Choreographer's Philosophy

My drive to choreograph arises from a desire to celebrate life and the human experience in all its humor and grit, dust and glory. At the heart of my work is a love of community, a desire to share ideas and emotions with others, an awe of our bodies' vast capabilities, and a deep faith in humanity. I believe bodies in movement hold our ultimate communicative power.

Thus, my choreography explores the human condition through movement storytelling, inspired by many different cultures and ways of knowing. I bring an anthropologist’s eye to the world around me – looking for connections between diverse realms and intersections of meaning – and attempt to reflect, refract and refresh these observations in my work for others to see. Anthropology is at the very heart of how I see the world and how I approach a choreographic problem. As a field, anthropology tries to reveal the connections between aspects of life or culture that may at first seem unconnected – it is a truly cross-disciplinary intellectual experience, which is worldview that I love. Many of my dances have started with anthropological questions such as “What happens when two cultures meet?” “How has fashion shaped women and the environment?” “What is our relationship to water, rain and drought?” There is a wonderful overlap between dance and anthropology because they both deal often in metaphors, experience and feeling. And at its heart, anthropology is all about people: what they think and dream and how they make meaning out of the world. That is exactly what I try to explore and convey in my dances as well.

Although Anthropology is the field with which I most frequently connect dance, I am perpetually curious and inspired by combining dance with other fields, investigating how dance can contribute to diverse conversations, what can be discovered in relationship with ideas beyond dance’s boundaries, and how the form and myself can grow therein. To that end, I continually undertake interdisciplinary and cross-disciplinary projects, having also combined dance with history, visual arts, peacebuilding and scientific research. It seems to me that within these conversations lies an opportunity to show the world why dance matters.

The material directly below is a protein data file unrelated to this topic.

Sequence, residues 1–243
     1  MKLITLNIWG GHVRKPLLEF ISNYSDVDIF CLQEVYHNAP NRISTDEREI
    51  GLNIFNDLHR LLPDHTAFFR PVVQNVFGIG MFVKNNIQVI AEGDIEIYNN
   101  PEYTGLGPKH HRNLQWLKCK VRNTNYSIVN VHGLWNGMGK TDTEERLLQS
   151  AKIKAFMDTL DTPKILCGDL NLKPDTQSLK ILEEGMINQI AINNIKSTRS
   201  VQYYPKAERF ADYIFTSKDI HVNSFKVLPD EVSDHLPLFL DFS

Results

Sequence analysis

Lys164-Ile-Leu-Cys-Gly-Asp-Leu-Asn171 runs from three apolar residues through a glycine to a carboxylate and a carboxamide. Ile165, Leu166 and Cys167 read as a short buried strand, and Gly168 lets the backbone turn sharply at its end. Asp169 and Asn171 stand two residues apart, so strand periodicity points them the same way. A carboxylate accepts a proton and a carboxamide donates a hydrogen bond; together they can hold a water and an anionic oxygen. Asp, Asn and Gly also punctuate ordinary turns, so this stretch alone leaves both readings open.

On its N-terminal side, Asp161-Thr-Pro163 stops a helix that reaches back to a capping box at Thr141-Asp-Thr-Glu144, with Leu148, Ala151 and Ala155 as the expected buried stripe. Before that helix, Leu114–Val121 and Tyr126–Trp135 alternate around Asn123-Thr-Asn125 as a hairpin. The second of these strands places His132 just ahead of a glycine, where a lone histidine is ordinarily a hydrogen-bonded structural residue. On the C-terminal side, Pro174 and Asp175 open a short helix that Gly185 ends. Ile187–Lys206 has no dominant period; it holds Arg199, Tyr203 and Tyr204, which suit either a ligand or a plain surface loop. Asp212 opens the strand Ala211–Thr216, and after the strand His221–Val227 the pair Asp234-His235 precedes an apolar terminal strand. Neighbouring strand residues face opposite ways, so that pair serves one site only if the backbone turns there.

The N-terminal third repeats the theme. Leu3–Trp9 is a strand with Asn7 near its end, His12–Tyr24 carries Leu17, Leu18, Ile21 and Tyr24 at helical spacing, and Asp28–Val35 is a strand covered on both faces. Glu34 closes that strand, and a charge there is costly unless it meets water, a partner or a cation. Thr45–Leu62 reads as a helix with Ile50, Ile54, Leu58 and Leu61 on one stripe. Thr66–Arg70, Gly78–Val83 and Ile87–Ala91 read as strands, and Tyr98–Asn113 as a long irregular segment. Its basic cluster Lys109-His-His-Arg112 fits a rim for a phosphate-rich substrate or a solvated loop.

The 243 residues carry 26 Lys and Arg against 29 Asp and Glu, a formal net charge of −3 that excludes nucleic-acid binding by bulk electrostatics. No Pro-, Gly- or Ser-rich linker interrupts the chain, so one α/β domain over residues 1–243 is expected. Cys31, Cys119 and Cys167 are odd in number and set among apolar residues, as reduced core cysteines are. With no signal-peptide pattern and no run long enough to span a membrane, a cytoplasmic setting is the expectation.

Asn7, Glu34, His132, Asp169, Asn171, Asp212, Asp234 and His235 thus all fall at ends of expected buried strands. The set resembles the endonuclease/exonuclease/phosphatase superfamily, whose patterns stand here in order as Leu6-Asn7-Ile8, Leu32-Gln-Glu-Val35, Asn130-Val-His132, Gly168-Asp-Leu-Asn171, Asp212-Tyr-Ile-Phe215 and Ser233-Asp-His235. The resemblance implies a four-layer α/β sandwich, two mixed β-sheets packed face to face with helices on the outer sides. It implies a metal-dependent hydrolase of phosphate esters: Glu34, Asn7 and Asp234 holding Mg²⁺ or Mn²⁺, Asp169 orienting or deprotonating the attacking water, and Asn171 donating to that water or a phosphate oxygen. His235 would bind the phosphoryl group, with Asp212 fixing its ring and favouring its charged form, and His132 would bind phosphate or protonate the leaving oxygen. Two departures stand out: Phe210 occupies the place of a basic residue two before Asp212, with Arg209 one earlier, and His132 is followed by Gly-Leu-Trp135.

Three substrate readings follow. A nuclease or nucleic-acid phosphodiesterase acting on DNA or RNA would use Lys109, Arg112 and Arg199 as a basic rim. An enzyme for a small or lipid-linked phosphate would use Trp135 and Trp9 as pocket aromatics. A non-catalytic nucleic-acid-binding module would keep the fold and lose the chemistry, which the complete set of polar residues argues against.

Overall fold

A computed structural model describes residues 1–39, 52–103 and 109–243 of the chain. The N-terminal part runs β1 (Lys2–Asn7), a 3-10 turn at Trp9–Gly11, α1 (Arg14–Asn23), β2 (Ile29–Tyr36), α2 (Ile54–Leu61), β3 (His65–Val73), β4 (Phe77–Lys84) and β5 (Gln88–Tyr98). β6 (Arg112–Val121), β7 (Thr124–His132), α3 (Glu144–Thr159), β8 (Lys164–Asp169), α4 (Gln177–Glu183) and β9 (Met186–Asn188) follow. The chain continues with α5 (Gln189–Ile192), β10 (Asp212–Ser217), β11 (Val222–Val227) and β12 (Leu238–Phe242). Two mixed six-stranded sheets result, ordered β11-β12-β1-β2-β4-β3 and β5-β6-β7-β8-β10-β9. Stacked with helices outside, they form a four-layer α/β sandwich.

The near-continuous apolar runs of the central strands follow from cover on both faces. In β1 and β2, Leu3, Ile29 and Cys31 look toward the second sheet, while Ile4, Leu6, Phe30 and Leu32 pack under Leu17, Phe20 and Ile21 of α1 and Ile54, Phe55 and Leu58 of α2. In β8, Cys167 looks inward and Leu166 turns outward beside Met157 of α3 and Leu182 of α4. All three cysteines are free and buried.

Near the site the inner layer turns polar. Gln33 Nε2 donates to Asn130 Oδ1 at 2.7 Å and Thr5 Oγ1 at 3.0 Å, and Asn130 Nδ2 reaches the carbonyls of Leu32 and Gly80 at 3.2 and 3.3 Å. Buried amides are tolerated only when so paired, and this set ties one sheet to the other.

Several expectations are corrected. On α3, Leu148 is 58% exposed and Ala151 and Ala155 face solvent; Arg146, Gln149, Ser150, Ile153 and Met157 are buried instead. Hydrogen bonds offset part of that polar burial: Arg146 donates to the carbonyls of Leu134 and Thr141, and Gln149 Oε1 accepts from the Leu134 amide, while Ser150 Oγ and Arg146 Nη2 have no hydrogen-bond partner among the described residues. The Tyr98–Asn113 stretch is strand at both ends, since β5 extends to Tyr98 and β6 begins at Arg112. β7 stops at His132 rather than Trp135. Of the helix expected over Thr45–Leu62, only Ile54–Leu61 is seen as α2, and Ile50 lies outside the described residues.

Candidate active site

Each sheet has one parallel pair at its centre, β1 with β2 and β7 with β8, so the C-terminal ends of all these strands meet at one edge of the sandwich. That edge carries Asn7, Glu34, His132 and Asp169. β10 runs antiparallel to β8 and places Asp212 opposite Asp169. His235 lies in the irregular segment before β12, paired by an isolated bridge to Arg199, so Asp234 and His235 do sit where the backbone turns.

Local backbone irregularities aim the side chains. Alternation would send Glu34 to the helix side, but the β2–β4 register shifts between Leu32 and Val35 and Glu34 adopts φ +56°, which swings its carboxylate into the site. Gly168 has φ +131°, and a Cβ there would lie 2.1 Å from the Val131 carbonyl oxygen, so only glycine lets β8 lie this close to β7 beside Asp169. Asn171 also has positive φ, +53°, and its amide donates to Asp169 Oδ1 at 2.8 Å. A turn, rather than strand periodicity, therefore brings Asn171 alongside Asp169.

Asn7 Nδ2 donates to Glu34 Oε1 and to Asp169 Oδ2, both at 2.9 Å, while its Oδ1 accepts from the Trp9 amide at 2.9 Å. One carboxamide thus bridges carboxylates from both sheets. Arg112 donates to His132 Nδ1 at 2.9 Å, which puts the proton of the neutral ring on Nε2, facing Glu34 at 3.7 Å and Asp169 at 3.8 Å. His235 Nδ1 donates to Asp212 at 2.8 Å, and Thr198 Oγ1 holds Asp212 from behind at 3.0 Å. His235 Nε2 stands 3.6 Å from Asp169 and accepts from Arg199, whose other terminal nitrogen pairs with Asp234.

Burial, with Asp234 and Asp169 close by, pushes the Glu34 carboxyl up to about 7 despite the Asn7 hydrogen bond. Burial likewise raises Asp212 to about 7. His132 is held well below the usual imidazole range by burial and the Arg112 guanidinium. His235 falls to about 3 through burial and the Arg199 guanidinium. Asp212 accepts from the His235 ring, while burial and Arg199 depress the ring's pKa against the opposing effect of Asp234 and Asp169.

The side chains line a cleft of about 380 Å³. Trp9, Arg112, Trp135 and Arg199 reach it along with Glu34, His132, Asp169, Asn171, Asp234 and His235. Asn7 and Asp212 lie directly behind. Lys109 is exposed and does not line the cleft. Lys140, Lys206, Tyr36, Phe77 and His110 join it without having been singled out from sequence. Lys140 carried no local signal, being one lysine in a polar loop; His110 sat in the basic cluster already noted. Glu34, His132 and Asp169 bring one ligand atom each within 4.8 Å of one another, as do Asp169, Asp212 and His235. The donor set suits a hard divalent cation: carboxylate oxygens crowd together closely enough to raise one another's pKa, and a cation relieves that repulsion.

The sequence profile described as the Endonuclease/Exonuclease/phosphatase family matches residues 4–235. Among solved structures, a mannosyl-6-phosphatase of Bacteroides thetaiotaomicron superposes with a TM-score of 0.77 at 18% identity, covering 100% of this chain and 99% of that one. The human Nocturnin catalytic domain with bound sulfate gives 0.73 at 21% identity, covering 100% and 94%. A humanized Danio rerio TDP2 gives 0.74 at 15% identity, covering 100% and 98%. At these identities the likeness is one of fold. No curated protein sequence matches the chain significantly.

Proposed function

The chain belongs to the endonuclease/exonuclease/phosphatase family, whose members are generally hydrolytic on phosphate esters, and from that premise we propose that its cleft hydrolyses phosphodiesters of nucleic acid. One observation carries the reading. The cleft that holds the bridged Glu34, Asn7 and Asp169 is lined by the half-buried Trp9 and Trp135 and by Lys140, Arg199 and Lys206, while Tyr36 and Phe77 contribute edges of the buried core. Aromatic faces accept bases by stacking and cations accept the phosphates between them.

As a performer, I do not approach a new dance or character by trying to “pretend” or to imagine what he or she would feel or do. Rather, I dig within myself to find what part of me – however small – has experienced something similar. I perform from that pocket of personal experience and magnify it to fit the dance.

The theater is a magical place for me, where ideas can be introduced, shattered and fit back together – in a stronger matrix than before; where worlds can collide without violence; where diversity is celebrated as each audience member ascribes his or her own meaning to the artwork. Ideally, I hope that audiences leave my performances having seen the world from a different perspective: to open minds to the possibility of infinite possibilities – if only for a moment – when it comes to culture, people and life.

-- Mariah Steele, Updated 2020

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Last Modified: 11 Oct 2020
Designed By: Will Pickeral
Photos By: Jim Coleman & Eli Akerstein